"Then I started buying and selling shoes, taking them from one place and selling them to another.

"I couldn't speak a word of English and I came here in 1950 with nothing.

"After the war, we didn't know what to do. I couldn't go back to school because there was no-one to support me. I had to push myself.

"I worked in a handbag factory for 18 months and saved up enough to open my own.

"It was very successful and then I started to make interiors for car firms. At 65, I retired.

"I couldn't have revenge for what they did - so instead I pushed myself."

The desire for survival and the will to never be defeated is the overriding emotion Mr Kagan recalls from his experiences.

Like many other survivors, he doesn't talk in terms of how he felt - it is always how many grams of bread they had, the percentage of people killed. The only way to keep going, he admits, was to suspend feeling.

"The Bielski brothers put me in the family group where I found my cousin had survived. It is very difficult to explain how I felt," he explains.

"We didn't know whether to be happy or cry. We had escaped - but we reminded each other of everything we lost.

"We had to think, 'We have survived this far but now we have to survive again. It doesn't matter what is ahead of us, we just have to stay alive'."

An understanding that revenge couldn't be achieved doesn't equal total forgiveness, however.

"I went back and set up the museum to the resistence.

"On my second visit there, the director said there was a man who wanted a reference from me.

"He came over and shook my hand. He told me he was a guard in the camp. In Russia, as a collaborater you only get a 50 per cent pension. He wanted a reference from me to make it 100 per cent. I asked him the dates when he worked and it turned out he was one of the guards who killed 250 people, including my mother and sister.

"I said to him, 'Don't you realise you killed my family.'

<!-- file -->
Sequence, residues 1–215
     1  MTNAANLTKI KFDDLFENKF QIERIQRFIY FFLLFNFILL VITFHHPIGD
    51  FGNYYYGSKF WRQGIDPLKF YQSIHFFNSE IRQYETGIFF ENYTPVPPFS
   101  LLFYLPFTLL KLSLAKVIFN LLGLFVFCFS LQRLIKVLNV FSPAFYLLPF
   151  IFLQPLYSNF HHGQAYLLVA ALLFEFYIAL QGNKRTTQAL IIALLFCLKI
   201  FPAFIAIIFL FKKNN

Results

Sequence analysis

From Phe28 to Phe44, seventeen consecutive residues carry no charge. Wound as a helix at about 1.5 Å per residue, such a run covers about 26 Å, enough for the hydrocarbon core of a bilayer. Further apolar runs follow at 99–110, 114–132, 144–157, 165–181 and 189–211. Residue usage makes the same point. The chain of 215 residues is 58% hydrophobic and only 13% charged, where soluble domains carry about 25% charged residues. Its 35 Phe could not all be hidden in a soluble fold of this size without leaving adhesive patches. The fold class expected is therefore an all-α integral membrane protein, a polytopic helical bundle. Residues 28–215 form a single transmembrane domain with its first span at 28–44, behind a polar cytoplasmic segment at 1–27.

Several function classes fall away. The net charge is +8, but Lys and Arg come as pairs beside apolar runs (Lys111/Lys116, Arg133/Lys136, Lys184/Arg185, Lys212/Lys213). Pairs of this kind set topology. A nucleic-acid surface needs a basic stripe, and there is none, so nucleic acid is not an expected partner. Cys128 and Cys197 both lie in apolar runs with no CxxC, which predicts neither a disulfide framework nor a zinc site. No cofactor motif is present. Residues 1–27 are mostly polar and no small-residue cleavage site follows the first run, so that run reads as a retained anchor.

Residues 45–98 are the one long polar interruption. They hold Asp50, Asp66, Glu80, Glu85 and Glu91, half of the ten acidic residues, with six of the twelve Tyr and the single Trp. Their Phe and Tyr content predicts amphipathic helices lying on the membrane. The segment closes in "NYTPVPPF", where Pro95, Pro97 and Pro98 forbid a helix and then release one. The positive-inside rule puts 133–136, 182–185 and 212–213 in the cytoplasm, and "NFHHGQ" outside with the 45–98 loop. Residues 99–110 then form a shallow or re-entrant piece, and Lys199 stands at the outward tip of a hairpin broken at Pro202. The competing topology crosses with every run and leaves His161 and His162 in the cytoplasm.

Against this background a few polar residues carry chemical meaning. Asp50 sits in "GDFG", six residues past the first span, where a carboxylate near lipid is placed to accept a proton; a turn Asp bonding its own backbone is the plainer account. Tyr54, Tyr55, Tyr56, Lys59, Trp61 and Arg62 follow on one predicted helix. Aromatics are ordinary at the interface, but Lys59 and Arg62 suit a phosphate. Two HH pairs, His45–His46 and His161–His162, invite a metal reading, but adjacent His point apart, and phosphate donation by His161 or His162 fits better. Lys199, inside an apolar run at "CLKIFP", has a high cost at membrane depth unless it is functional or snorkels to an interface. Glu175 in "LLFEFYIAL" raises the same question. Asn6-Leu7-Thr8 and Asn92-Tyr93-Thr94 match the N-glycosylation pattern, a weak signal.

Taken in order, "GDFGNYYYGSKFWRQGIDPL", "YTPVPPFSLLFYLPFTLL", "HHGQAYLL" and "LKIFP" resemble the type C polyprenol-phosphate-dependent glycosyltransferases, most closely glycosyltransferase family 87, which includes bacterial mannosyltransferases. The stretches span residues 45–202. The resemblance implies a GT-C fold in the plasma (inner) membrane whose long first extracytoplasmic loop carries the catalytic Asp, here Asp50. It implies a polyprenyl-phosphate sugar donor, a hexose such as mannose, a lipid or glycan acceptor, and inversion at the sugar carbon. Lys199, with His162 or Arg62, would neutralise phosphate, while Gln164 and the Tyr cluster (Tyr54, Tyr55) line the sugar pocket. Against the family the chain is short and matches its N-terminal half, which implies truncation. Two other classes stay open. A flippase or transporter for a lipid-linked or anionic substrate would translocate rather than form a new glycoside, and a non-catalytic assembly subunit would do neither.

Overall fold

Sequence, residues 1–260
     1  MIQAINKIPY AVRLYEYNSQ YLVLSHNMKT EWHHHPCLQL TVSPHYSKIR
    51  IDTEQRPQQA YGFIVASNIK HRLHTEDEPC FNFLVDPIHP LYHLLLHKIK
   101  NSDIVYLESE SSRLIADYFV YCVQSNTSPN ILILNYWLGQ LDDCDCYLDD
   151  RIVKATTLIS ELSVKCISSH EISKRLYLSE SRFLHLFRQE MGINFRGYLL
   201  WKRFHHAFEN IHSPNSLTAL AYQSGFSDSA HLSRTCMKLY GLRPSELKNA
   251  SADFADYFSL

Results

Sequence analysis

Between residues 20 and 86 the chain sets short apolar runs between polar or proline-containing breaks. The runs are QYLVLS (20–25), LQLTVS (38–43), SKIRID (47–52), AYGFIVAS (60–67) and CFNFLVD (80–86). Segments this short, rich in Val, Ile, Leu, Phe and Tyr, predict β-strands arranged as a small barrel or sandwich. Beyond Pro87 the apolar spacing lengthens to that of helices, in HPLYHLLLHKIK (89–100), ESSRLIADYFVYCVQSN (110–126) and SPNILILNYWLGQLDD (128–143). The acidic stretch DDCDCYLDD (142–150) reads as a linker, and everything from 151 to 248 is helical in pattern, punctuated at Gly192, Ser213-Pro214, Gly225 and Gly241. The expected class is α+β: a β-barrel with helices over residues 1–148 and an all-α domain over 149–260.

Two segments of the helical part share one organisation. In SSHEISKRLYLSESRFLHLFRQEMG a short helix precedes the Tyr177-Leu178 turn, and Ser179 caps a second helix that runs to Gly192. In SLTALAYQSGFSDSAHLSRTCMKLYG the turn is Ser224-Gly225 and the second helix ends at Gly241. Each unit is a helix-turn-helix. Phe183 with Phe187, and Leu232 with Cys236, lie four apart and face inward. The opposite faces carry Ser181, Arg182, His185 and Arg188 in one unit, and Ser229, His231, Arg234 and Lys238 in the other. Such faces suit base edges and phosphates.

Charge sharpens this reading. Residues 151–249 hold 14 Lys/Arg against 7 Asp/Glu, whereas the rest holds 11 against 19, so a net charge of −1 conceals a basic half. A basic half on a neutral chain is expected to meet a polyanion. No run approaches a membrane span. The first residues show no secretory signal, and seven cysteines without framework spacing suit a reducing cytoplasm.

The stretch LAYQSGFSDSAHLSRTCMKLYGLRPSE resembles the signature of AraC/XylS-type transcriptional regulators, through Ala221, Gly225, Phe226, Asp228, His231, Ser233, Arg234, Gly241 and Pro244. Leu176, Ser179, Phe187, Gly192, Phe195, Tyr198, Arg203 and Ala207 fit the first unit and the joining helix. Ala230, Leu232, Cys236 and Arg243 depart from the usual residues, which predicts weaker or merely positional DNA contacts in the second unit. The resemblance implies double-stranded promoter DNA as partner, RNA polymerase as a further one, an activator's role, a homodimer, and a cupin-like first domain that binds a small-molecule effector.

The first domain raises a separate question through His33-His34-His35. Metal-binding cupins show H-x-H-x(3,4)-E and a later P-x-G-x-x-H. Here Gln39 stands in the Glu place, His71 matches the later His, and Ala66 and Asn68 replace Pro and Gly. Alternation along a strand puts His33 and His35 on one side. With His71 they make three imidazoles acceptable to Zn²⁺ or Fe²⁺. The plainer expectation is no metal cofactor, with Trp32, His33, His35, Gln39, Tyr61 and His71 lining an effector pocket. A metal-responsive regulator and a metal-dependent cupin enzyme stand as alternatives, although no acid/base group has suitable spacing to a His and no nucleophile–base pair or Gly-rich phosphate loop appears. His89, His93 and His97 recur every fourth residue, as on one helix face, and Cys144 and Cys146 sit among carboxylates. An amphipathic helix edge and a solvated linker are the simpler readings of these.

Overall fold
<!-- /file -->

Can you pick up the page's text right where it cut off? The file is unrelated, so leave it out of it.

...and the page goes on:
"He told me he had paid his dues because he was imprisoned for 25 years. I wiped my hand and walked away from him."

At the Novogrodek museum, experts have just found the 250metre tunnel where the emaciated prisoners dug through the ground to escape to the forest.

Many did not survive - but some like Mr Kagan found the resistance.

It wasn't the first time he tried to escape. He had to return to the camp after an earlier attempt - when he got frostbite in his toes and his father had to amputate them.

After that, he hid in the camp, surviving off scraps of food which others were kind enough to share with him.

"Only by seeing other people, could you imagine what you looked like, how thin you were," he says.

"The night before our escape, everyone was saying goodbye to each other. Everyone lined up to say it to me because no-one believed I would make it without toes."

Mr Kagan is looking forward to the film and hopes it does justice to his memories of the resistance and those who didn't make it that far.

"I think this sort of film is very important.

"It tells new generations that there were Jewish partisans fighting the Germans.

"I have seen cuttings and it looks good. I think it will bring our story to life and tell many people who don't know about it."

katie.davies@hamhigh.co.uk